Wednesday, March 19, 2014

Cart creates huge amount of LEGO storage in 2 feet of floor space.

With three boys, I've been battling an ever-creeping LEGO problem for several years now. I've looked for storage solutions online, at LEGO shops, at home improvement stores and big-box retailers. This year, I realized it's not the loose bricks causing the problem. It's the finished creations.

There are hundreds of ways to store loose bricks, from buckets, to open bins, to plastic totes, to tool boxes. But where do your children store those finished creations that took hours to build? Those creations become precious works of art. Once they fall apart or are destroyed (sometimes by a younger sibling), many can't be easily rebuilt because the pieces become impossible to find.

In my house, there simply isn't enough display space to accommodate the imaginations of three boys. My first solution? Cookie sheets, sometimes called bun pans or jellyroll pans. They are light enough to carry, sturdy enough to build on, have four edges to contain the bricks and are large enough to hold all the pieces of a work-in-progress. They are the perfect portable building surface. They also easily slide under the bed for out-of-sight storage.

The problem with my first solution? My boys got so many LEGOs for Christmas this year, I found myself without any free cookie sheets. Every single one of them held a LEGO work-in-progress. There were so many building projects, they no longer fit under the beds. I had cookie sheets AND loose LEGOs covering the floors, bookshelves, dresser tops and under-the-bed spaces. My boys' bedrooms became so clogged I couldn't reach their beds to change the sheets.

So I problem-solved my first solution, inspired by a Pinterest find. Megan, founder of OmahaHa!, had the same LEGO conundrum in her house, and found the same solution with the same cookie sheets. She also discovered the same frustration. Cookie sheets work to a certain extent, but still take up valuable surface real estate. She decided if you can't build out, build up, and turned a second-hand bun pan rack into a mobile LEGO storage cart. It's a truly inspired idea.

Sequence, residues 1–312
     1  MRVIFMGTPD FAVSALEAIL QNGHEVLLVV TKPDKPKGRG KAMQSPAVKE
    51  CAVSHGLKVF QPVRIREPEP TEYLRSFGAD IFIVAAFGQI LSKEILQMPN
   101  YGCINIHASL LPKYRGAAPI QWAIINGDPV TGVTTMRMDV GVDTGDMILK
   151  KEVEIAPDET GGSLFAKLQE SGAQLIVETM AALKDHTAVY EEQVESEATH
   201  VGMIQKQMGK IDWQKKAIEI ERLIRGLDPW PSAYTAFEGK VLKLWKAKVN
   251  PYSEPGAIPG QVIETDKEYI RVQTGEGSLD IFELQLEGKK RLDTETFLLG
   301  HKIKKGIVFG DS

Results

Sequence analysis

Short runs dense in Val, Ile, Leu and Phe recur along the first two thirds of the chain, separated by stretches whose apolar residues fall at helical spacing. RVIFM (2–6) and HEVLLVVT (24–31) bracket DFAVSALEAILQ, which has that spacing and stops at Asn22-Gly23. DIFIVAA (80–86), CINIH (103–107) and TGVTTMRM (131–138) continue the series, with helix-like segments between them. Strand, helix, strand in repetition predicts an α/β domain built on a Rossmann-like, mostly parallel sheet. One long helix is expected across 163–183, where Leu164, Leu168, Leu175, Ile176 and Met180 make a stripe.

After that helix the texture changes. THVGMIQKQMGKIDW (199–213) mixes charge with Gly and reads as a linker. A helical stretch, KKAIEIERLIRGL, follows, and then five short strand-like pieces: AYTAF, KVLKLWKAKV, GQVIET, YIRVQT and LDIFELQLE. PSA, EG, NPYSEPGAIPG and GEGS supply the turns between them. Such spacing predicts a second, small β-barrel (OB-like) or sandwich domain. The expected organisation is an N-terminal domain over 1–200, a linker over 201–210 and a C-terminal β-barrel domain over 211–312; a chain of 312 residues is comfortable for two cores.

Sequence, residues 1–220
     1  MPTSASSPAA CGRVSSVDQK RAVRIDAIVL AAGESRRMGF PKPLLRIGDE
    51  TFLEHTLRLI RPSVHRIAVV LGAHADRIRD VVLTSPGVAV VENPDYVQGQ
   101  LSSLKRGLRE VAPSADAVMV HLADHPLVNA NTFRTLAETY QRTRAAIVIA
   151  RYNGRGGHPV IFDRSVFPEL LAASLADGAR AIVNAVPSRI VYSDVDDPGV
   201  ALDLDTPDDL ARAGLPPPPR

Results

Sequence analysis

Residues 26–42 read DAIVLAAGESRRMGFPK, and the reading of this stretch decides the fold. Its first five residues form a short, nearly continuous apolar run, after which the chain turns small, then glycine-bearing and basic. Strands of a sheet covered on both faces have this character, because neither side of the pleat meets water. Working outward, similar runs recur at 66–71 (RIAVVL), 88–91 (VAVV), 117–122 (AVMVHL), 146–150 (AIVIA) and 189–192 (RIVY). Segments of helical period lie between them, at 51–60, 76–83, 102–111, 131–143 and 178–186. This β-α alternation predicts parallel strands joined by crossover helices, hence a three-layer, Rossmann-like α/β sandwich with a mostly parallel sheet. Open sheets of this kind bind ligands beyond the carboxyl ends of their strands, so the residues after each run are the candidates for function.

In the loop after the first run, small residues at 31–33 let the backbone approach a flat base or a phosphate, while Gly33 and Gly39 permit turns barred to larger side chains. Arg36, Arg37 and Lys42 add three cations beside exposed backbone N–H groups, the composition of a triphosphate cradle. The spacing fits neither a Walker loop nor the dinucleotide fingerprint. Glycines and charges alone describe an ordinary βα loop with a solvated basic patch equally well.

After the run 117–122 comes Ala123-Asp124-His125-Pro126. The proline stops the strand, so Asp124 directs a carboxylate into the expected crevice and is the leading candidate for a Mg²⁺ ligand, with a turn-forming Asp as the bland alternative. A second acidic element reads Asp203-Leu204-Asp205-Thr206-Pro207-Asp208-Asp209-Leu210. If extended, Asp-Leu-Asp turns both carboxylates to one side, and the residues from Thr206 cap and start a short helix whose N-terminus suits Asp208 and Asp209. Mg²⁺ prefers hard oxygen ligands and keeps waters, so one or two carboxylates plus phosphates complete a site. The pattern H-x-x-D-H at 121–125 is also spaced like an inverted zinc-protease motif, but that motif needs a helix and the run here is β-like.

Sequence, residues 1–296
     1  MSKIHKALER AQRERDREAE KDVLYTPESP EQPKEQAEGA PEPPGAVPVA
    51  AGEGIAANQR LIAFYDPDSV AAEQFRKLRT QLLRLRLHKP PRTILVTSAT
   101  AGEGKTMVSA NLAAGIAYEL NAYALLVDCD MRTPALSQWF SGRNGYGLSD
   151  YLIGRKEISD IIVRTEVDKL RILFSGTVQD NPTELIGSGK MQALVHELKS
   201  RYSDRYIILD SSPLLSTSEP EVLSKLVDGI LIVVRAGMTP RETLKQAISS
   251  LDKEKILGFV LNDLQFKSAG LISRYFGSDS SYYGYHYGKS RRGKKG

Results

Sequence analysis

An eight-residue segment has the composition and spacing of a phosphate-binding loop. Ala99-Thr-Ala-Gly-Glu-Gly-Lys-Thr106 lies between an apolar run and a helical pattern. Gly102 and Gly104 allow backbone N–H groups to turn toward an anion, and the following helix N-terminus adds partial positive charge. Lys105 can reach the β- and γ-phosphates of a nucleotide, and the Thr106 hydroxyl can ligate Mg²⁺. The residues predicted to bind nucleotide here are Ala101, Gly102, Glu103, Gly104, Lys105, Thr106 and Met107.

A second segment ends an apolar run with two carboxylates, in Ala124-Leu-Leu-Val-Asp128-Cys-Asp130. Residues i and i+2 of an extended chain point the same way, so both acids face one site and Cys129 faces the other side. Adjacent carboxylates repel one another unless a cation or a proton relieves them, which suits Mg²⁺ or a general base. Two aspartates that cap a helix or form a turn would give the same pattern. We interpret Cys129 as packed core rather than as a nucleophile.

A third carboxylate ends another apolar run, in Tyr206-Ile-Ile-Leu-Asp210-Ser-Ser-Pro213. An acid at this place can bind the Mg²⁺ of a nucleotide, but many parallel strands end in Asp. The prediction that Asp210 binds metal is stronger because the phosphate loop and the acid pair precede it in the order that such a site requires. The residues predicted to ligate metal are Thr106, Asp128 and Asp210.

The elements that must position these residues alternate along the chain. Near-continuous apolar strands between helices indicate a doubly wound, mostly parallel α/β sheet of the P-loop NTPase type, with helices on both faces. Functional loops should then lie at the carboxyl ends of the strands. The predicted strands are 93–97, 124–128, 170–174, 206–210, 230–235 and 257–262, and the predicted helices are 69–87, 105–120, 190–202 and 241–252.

(To see Megan's original post:

I worked at a bakery during my college years, so I knew exactly what Megan was talking about. Bun pan racks come in half or full sizes and can be end-loading or side-loading. The full-size racks are a little over 5 feet tall and have around 20 rails, spaced a few inches apart, specifically designed to hold cookie sheets! They also have a relatively small footprint and wheels, which makes them ideal for small rooms.

End-loading bun pan rack
Dimensions: 20" x 26" x 69"

Unfortunately, a local search for a used bun pan rack didn't turn up anything that wasn't missing several rails. I wasn't willing to wait for anything ordered online to arrive, not to mention new ones are pretty expensive. I also have a tiny house. Even the slimmest bun pan rack would seem cumbersome in my boys' rooms.

So I took Megan's inspired solution one step further. I built my own slim-lined version of a bun pan rack. I started with the dimensions of the cookies sheets, factored in how many rails I wanted, how much space I wanted between each rail and went from there. I made the cabinet out of one 4'x8' sheet of plywood, several 8' sections of pine trim for the rails and a couple 8' lengths of 1x2s for the framework. I also added wheels to make it mobile.

 Voila! My LEGO cabinet. Look at all that storage!
Final footprint: 14 1/2" x 18 7/8"! It may be small, but it's mighty!

But I wasn't done yet. I'm a firm believer in waste-not, want-not. I had some leftover pieces from cutting the trim for the rails. I painted them, hot-glued flat LEGOs to the top, added some Velcro Command strips to the backs, and stuck them to one side of the cabinet for mini-figurine storage. The boys can take off a rail, switch out their figurines and snap the rail back onto the cabinet. Neat and tidy. Love those Velcro Command strips!

Mini figurine storage

All in all, this cabinet has been such a huge success, I may just have to make another.

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